Colorado state energy officials Thursday night said a hydrocarbon spill in the Parachute Creek area of the Western Slope was essentially under control and there was no apparent impact on the creek, Todd Hartman, a Colorado Oil Gas Conservation Commission (OGCC) spokesman told NGI.
“There’s been no impact to the creek or to anyone’s local water supply,” Hartman said.
The incident in the area of Williams midstream operations came to light March 15. A total of 139 bbl of oil had been recovered by last Wednesday, according to OGCC. There were also 2,059 barrels of water collected to help ensure that if some contaminated water was part of the leak it would be kept out of Parachute Creek.
“Very little free oil/hydrocarbon liquid was observed in the impact area [Thursday], and today’s recovery total continues a downward trend with only trace amounts recovered,” Hartman said.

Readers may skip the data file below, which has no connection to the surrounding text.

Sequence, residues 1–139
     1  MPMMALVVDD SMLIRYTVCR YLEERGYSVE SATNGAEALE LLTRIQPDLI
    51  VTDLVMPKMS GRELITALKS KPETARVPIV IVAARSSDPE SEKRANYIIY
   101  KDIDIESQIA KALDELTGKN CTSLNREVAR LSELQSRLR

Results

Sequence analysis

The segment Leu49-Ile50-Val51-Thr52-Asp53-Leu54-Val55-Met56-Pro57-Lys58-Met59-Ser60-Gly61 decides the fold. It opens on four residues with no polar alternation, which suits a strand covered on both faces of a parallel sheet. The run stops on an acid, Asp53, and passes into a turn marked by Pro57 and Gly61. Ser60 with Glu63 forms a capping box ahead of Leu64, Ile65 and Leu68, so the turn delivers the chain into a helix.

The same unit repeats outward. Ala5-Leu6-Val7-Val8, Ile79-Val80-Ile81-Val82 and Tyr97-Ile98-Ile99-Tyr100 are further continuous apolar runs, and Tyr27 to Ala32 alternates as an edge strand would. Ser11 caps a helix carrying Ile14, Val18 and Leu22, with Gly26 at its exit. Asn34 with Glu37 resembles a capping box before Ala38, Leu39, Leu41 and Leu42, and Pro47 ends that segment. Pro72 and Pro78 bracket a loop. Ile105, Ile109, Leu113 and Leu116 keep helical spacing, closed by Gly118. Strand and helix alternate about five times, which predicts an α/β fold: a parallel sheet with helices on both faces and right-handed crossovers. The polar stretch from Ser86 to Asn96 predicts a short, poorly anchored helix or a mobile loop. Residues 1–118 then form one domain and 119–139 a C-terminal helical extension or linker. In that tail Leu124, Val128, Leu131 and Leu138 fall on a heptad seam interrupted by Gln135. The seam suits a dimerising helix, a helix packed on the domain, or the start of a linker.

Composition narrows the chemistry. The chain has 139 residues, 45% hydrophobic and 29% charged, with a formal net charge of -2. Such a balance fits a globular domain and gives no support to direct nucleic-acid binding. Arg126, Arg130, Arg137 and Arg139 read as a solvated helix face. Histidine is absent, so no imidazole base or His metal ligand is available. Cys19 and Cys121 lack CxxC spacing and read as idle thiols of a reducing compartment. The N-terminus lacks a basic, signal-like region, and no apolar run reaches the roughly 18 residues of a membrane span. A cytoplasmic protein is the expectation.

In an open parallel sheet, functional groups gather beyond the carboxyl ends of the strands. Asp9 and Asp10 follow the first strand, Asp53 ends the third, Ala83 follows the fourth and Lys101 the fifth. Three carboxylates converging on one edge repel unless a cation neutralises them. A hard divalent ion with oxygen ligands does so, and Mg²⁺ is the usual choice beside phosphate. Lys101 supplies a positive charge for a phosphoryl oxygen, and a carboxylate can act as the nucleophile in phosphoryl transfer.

A Williams spokesperson confirmed the OGCC assessment, telling NGI Friday there has been no contamination. The company is testing local water on the half-hour and the level of contaminant measurement is below measurable levels, the spokesperson said.
The company, which operates a major gas and liquids processing facility in the area, will continue to investigate the source of the leak, which was still undetermined as of Friday. One stakeholder speculated that the reason it has not been easy to pinpoint a source is the large number of hydrocarbon pipelines in the area, all feeding into the Williams processing plant, which can process 1.2 Bcf/d of gas and another 6,000 b/d of natural gas liquids.
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